Newspaper article The Record (Bergen County, NJ)

On the Matter of Virginia and Santa

Newspaper article The Record (Bergen County, NJ)

On the Matter of Virginia and Santa

Article excerpt

There are few similarities between 1897 and 2016 America, between the end of the 19th century and the beginning of the 21st. The technology has changed. Social values are different. Yet something is the same. Children are children.

As this rather bitter political year comes to a close, and on this day that is both a celebration for Christians and Jews with both Christmas and Hanukkah coinciding, it is good to think back to Sept. 21, 1897, the date the "Yes, Virginia, there is a Santa Claus" editorial was first published in The New York Sun.

Eight-year-old Virginia O'Hanlon wrote to the editorial page and Francis Pharcellus Church penned the reply. In 2016, he would have been more inclusive in his language about Christmas. We are still debating such thorny issues today. But the reason this editorial is timeless is that Church -- if ever there was a Dickensean last name, here it is -- got to the root of the season, the goodness of it, the goodness of people.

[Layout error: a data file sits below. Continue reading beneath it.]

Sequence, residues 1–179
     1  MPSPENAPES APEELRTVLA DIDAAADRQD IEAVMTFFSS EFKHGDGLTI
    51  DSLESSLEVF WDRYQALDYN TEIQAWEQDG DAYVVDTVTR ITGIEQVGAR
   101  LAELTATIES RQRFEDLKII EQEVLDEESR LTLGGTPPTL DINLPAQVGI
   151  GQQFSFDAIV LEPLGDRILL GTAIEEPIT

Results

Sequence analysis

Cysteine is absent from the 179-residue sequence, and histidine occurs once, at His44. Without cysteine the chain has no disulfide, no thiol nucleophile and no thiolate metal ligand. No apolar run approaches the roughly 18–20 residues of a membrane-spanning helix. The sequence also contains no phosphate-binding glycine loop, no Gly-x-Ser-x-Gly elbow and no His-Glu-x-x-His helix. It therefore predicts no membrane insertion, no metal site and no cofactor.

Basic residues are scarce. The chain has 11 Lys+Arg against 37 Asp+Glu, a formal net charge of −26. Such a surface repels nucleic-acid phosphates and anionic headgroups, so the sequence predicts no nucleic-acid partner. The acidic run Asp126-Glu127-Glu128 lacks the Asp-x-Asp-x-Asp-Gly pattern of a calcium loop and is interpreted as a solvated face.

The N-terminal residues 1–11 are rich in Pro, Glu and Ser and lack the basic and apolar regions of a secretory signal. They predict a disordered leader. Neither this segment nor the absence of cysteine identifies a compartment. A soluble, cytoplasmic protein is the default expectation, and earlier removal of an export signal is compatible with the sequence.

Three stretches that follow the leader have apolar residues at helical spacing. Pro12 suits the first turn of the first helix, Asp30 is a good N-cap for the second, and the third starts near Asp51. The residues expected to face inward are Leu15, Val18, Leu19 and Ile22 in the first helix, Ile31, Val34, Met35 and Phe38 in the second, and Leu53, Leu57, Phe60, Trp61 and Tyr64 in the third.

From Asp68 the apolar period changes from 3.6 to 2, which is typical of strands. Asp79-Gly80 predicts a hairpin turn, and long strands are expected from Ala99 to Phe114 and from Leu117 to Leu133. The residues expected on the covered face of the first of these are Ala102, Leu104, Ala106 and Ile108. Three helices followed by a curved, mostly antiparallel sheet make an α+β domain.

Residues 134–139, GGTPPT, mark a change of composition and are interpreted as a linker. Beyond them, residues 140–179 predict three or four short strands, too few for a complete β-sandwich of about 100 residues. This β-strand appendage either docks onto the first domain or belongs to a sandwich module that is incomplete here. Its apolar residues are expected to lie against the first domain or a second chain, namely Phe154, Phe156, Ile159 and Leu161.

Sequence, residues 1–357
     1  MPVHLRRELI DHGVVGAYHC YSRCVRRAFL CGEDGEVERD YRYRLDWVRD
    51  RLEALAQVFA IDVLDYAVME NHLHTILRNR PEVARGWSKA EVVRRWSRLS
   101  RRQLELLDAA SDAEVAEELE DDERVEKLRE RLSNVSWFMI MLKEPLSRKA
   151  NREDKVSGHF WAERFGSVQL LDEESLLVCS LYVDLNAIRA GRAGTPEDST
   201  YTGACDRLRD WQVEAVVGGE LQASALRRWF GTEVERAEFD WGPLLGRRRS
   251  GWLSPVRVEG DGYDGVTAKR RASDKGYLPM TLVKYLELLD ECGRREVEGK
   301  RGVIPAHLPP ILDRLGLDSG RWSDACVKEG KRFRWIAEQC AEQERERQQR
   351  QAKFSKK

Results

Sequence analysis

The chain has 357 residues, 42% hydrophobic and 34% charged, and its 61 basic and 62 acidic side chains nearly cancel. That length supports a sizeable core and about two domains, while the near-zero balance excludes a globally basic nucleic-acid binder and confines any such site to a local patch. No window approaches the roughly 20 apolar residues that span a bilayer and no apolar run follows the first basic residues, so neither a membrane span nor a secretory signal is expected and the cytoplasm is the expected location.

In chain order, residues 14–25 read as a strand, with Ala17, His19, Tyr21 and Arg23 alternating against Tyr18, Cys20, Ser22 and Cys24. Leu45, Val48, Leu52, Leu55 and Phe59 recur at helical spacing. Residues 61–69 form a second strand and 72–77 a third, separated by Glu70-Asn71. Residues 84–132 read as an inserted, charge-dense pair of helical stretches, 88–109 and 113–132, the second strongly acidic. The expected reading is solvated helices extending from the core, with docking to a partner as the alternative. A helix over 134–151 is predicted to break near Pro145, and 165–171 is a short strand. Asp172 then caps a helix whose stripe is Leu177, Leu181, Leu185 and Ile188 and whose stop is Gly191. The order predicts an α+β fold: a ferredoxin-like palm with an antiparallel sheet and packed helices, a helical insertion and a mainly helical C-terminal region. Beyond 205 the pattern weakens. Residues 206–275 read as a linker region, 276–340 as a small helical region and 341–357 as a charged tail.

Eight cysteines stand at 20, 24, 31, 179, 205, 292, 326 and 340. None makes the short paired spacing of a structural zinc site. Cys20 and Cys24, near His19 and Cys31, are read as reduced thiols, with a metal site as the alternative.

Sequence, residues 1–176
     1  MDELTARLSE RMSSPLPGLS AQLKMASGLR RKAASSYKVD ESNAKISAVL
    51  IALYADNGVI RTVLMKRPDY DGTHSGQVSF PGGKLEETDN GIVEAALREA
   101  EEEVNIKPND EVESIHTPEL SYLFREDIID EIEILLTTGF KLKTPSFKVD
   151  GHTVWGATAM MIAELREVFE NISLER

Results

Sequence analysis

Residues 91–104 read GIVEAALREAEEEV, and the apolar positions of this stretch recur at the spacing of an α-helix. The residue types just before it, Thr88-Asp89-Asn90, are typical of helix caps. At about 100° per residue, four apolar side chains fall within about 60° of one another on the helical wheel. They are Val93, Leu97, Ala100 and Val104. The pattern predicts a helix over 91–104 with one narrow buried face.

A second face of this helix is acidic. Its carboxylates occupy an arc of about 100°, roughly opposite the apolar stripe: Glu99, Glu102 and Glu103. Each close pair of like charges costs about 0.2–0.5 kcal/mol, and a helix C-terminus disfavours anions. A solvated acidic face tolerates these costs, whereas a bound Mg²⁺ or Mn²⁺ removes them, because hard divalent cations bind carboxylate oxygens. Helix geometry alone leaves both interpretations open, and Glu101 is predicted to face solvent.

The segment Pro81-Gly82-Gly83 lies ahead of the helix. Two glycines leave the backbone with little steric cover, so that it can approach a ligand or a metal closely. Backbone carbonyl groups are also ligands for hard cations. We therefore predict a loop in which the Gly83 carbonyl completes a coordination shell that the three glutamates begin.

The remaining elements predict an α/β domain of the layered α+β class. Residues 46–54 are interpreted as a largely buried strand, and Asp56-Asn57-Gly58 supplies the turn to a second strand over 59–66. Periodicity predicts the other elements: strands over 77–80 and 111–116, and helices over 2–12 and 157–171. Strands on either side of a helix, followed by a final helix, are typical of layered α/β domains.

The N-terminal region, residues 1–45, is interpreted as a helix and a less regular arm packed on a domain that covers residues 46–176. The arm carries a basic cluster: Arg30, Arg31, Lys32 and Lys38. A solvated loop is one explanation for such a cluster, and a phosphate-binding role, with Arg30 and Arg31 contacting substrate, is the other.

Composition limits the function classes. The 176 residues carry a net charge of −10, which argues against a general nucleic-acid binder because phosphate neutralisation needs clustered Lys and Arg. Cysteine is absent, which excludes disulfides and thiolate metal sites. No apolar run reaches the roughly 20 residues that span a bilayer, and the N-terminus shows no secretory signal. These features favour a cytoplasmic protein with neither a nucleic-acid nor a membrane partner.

Writing to an 8-year-old, he was not going to get into a discussion about the physical Santa. In fact he covers that base pretty well:

"Nobody sees Santa Claus, but that is no sign that there is no Santa Claus. The most real things in the world are those that neither children nor men can see."

The real things are found inside a child's imagination, in the heart and the soul. Church wanted Virginia to believe in the essence of Santa Claus, not a religious stand-in, but a secular figure who represents our best instincts. There is nothing more instinctive than wanting to make another person happy. Children get it. Watch them play. Watch them laugh at the most silly of things. Watch them laugh at themselves being silly. The joy is infectious.

"(Santa) exists as certainly as love and generosity and devotion exist, and you know that they abound and give to your life its highest beauty and joy," Church wrote. …

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